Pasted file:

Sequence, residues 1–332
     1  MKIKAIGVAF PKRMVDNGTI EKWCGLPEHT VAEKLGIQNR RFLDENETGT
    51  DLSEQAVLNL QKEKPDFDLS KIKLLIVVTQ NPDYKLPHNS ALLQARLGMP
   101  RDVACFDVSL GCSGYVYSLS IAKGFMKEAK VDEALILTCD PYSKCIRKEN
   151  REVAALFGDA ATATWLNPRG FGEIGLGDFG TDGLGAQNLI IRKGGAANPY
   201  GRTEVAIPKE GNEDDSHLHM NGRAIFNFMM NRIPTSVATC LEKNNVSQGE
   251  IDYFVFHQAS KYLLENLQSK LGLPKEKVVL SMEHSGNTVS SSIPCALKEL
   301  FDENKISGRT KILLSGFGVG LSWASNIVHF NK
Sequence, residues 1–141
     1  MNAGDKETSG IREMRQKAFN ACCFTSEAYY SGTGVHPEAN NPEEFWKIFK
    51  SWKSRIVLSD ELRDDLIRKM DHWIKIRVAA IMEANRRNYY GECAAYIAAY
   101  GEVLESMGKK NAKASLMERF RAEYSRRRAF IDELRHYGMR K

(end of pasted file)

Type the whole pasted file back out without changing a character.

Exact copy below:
Sequence, residues 1–332
     1  MKIKAIGVAF PKRMVDNGTI EKWCGLPEHT VAEKLGIQNR RFLDENETGT
    51  DLSEQAVLNL QKEKPDFDLS KIKLLIVVTQ NPDYKLPHNS ALLQARLGMP
   101  RDVACFDVSL GCSGYVYSLS IAKGFMKEAK VDEALILTCD PYSKCIRKEN
   151  REVAALFGDA ATATWLNPRG FGEIGLGDFG TDGLGAQNLI IRKGGAANPY
   201  GRTEVAIPKE GNEDDSHLHM NGRAIFNFMM NRIPTSVATC LEKNNVSQGE
   251  IDYFVFHQAS KYLLENLQSK LGLPKEKVVL SMEHSGNTVS SSIPCALKEL
   301  FDENKISGRT KILLSGFGVG LSWASNIVHF NK
Sequence, residues 1–141
     1  MNAGDKETSG IREMRQKAFN ACCFTSEAYY SGTGVHPEAN NPEEFWKIFK
    51  SWKSRIVLSD ELRDDLIRKM DHWIKIRVAA IMEANRRNYY GECAAYIAAY
   101  GEVLESMGKK NAKASLMERF RAEYSRRRAF IDELRHYGMR K